Food availability on Campus



Food availability on the Lewis and Clark campus
Food availability on the Lewis and Clark campus
Eric Welch
Staff Writer


Food is an important resource to students on campus and it comes in two forms: snack machines and cafes. The student club SCORE and the Business Planning class are working towards a third option.

This project is a food cart that will be moving through the halls on campus.

 “It is a project that was created by the business class to give them a lab to use for practical experience,” Accounting professor, Doug Schneiderheinze said.

Hours of operation are still being worked out by the students involved. It is expected to begin operations either late this semester or at the beginning of the spring semester.

 “We will not be open during cafe hours and we hope to fill that niche that appears after 2:00 p.m.” Schneiderheinze said.

The menu will include several types of coffee, soft drinks, and food wraps that will be easy to eat on the go. The cart will also be very accessible since it will have an app that will tell students where to find it.

L&C Business Coordinator Professor Doug Schneiderheinze, advisor to the SCORE club, along with business students. (Image: Lewis and Clark Media Department)
L&C Business Coordinator Professor Doug Schneiderheinze, adviser to the SCORE club, along with business students. (Image: Lewis and Clark Media Department)

Anyone seeking more information about the food cart is welcome to attend the next business meeting at 5:30 p.m. on Nov. 4, in Caldwell Hall 3319.

While this food cart will be great for students on campus as consumers, it may also present an opportunity for business students. Profits of the food cart may go towards business scholarships for students here on campus.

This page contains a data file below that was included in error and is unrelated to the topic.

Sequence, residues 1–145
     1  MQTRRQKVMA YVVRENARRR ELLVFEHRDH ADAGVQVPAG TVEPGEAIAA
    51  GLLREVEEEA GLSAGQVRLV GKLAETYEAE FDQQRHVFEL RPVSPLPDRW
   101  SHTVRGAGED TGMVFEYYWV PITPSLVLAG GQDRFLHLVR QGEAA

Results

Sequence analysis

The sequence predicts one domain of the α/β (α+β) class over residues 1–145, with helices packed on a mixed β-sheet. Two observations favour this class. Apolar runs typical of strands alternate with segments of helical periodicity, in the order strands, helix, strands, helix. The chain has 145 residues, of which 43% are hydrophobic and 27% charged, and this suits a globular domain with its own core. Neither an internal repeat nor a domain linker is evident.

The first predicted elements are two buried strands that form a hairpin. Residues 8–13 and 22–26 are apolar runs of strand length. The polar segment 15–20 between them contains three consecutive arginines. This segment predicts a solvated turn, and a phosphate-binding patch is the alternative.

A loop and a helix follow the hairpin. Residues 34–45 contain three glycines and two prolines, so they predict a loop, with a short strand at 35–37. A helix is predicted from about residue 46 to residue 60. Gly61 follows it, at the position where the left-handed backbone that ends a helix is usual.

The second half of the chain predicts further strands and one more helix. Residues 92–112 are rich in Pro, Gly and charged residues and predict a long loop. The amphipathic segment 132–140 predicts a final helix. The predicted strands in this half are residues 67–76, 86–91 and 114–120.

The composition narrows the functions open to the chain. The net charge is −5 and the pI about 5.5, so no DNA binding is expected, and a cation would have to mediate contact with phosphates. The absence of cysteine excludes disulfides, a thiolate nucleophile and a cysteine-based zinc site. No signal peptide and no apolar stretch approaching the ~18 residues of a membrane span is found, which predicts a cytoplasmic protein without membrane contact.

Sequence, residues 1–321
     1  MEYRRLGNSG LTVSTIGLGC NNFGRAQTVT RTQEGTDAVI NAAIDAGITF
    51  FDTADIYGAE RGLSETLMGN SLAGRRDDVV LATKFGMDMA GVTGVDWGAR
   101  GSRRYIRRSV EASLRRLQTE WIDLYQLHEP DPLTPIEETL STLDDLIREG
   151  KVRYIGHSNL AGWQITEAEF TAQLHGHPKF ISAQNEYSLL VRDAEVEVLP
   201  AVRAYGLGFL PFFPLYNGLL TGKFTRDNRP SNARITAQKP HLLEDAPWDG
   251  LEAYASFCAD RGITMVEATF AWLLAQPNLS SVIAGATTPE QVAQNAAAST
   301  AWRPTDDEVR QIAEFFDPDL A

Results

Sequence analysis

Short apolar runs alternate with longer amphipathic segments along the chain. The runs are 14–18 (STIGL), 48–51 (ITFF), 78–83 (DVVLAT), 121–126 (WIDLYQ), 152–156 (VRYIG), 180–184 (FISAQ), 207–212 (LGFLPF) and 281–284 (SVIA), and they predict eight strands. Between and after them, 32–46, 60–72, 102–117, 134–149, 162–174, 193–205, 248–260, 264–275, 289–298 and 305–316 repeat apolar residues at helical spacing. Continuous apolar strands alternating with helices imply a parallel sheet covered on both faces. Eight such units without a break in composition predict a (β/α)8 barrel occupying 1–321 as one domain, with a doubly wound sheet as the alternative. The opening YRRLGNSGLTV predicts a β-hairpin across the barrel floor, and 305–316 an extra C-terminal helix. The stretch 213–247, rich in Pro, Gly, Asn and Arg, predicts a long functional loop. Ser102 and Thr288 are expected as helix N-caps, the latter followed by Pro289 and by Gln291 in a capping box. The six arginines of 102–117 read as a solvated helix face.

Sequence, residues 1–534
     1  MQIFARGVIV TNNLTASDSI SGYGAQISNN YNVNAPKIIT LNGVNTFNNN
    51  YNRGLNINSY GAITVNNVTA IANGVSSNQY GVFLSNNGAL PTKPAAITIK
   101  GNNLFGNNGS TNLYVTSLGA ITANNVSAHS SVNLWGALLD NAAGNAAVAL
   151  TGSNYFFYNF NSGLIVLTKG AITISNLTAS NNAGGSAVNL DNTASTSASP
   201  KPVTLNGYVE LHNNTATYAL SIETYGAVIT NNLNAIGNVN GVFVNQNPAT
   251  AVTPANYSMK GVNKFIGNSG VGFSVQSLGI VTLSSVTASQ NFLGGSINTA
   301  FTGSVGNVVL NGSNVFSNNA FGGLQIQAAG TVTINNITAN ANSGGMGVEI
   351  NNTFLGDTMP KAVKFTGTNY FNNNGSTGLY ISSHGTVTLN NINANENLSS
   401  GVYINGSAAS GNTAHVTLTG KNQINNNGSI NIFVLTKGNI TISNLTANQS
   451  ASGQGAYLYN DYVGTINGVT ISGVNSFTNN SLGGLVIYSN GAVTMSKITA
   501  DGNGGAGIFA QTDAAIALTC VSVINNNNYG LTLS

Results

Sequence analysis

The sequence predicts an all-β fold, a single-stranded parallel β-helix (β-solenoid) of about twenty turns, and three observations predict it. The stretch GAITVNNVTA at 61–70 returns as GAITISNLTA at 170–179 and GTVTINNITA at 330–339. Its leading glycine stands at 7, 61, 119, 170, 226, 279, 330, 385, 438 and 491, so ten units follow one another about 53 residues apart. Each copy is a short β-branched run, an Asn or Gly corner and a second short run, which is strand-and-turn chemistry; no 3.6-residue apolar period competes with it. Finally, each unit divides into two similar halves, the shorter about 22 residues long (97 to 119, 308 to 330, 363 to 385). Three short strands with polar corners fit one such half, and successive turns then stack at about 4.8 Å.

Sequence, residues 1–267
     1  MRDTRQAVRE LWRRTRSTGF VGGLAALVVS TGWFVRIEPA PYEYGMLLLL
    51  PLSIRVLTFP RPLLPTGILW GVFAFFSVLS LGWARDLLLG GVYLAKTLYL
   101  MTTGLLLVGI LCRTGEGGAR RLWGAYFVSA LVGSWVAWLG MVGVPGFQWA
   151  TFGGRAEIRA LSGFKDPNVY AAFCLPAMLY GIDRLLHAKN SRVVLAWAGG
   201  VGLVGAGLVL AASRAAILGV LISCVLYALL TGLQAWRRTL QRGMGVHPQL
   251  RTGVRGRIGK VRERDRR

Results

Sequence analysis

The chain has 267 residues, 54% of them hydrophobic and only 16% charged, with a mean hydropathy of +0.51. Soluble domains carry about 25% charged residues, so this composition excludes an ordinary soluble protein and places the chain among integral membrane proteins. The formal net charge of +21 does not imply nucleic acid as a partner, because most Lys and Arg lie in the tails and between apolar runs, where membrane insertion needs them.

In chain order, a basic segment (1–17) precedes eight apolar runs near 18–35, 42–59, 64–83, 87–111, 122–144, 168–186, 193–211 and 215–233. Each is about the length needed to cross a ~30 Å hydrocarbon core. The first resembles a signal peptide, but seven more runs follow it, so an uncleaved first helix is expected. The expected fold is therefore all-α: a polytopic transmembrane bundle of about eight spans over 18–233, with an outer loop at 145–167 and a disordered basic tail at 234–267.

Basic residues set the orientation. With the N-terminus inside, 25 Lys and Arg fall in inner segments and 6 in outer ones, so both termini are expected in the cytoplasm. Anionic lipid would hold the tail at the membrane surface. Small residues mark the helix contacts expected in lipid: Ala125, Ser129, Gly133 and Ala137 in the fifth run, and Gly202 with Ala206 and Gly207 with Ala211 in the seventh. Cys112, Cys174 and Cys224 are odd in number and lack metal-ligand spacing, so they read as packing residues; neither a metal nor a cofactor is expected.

While the food cart will add variety to campus, it may be time to examine a problem that exists on campus already.

A poll of the student body questioned 70 students. 22 of them agreed that the snack machines on campus were unreliable.

Of the students who use the vending machines 48 percent of them don’t trust them.

”They are reliable and convenient. (Although) it might be that one time where you put in your money in and don’t get anything back.” Occupational Therapy Assistant student, Shakeyia Brooks said.

Poll results also show 60 percent of students who use the snack machines have had problems with them in the past.

“They are awful. I could have the most crisp dollar bill and it still won’t take my money. They are also a little overpriced” Psychology student, Josh Chappell said.

If students experience problems with the vending machines, contact (618)-468-3170 for a refund. This doesn’t solve the vending machine problem, but it ensures that students are not robbed.


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